Even though President-elect Donald Trump no longer wants to pursue prosecution against Hillary Clinton for either her private email server or for activities surrounding the Clinton Foundation, that doesn’t mean her legal woes are over, former Attorney General John Ashcroft said Tuesday.
“I would hasten to mention though that it’s pretty well-known that there are a number of other investigations regarding the Clinton Foundation,” Ashcroft, who served under President George W. Bush, told Fox News’ America’s Newsroom co-host Bill Hemmer.
“I don’t think that what the president-elect has said would foreclose following those investigations to an appropriate conclusion,” he continued, “and if they found that there was some sort of a prosecution or legal action that was merited there, I don’t think that what has been said today would foreclose action on those issues.”
Earlier on Tuesday, Trump senior adviser Kellyanne Conway confirmed an MSNBC “Morning Joe” report that Trump wouldn’t pursue the prosecution, following months of telling supporters at rallies he would do just that, leading to the often repeated chant of “lock her up” in response.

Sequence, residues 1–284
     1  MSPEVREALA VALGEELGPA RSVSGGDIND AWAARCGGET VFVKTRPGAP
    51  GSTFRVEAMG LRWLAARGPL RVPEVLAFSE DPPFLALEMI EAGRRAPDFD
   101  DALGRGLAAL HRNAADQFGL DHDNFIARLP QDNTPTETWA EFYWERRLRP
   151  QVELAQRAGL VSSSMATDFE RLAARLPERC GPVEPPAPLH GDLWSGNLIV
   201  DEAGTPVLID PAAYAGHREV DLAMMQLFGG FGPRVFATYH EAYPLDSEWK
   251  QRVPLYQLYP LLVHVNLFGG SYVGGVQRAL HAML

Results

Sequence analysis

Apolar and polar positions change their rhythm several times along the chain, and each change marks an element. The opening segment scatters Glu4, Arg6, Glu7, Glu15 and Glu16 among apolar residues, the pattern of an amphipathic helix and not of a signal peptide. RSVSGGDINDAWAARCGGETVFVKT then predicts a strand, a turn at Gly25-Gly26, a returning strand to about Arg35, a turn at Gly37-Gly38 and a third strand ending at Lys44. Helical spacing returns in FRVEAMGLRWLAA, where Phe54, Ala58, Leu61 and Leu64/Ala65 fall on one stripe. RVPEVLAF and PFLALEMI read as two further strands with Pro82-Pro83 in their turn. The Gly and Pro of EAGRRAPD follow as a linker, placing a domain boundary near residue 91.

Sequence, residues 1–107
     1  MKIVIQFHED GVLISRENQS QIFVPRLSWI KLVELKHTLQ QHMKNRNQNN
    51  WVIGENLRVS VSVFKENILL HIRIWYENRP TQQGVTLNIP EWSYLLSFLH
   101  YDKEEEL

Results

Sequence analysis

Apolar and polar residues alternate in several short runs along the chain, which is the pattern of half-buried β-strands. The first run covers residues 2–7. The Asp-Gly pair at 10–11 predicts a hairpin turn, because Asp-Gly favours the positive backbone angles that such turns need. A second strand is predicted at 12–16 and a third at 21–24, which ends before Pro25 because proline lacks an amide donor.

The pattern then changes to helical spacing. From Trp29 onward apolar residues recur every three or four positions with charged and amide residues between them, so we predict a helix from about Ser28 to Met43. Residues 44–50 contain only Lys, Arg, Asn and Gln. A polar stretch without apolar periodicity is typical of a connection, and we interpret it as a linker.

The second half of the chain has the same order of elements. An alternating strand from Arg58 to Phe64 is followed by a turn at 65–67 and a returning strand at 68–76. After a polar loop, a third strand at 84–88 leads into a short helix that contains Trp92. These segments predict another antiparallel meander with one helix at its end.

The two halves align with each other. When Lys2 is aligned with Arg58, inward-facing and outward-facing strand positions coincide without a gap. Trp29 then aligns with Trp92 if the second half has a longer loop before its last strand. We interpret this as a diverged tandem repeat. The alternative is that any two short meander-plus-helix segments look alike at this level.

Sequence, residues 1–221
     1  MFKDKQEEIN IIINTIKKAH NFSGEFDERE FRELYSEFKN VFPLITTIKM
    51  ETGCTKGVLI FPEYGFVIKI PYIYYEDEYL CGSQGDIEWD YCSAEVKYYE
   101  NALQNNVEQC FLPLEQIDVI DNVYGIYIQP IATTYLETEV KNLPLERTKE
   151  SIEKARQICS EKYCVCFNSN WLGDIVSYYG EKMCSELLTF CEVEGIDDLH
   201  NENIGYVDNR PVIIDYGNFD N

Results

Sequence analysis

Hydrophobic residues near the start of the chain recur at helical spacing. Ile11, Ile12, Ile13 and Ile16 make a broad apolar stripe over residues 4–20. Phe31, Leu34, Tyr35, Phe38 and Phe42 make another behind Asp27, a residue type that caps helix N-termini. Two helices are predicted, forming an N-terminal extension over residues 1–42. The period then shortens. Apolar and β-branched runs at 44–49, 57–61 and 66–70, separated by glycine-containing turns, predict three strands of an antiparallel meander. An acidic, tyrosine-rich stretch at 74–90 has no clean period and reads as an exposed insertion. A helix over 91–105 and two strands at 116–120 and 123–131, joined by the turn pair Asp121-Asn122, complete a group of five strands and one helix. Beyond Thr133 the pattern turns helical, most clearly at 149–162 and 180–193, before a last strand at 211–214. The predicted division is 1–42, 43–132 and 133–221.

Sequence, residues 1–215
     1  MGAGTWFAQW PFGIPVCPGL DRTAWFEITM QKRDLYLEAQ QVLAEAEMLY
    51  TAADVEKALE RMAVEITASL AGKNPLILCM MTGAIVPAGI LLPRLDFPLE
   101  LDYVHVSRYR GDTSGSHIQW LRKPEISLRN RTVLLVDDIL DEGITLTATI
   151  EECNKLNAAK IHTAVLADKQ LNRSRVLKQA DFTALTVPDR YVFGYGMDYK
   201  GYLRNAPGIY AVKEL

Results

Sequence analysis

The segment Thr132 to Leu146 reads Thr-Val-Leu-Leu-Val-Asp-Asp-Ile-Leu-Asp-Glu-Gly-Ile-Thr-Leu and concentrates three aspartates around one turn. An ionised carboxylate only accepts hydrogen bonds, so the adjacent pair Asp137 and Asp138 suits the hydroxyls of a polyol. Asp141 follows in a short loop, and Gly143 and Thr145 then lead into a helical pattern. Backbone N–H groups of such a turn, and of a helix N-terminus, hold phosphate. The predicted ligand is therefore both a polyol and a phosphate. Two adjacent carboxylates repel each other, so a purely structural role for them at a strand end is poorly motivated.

“When the president-elect tells you he doesn’t wish to pursue the charges, it sends a strong message,” Conway told the program. “He’s thinking of many different things as he prepares to become the president of the United States, and things that sound like the campaign are not among them.”
Trump himself also addressed the report during a meeting with reporters and editors at The New York Times Tuesday afternoon, commenting that he doesn’t “want to hurt the Clintons, I really don’t. She went through a lot and suffered greatly in many different ways.”
Ashcroft also on Tuesday commented on the choice of Alabama Sen. Jeff Sessions for attorney general, saying that he will “support the rule of law and to do it equally for all citizens.”
“Well he does it by enforcing the law equitably and equally, for all citizens and he doesn’t pick and choose between categories of law with which the administration might not be pleased,” said Ashcroft. “We accept the law as enacted by the Congress, signed by previous presidents and if the law is to be changed it ought to be changed by the Congress in conjunction with the signature of a president or a veto override of the president.”
President Barack Obama’s executive orders, though, went against that, said Ashcroft, but Sessions does not stand for such suspensions of the rules of law.
By Sandy Fitzgerald | Tuesday, 22 Nov 2016 04:03 PM
Jul 27, 2020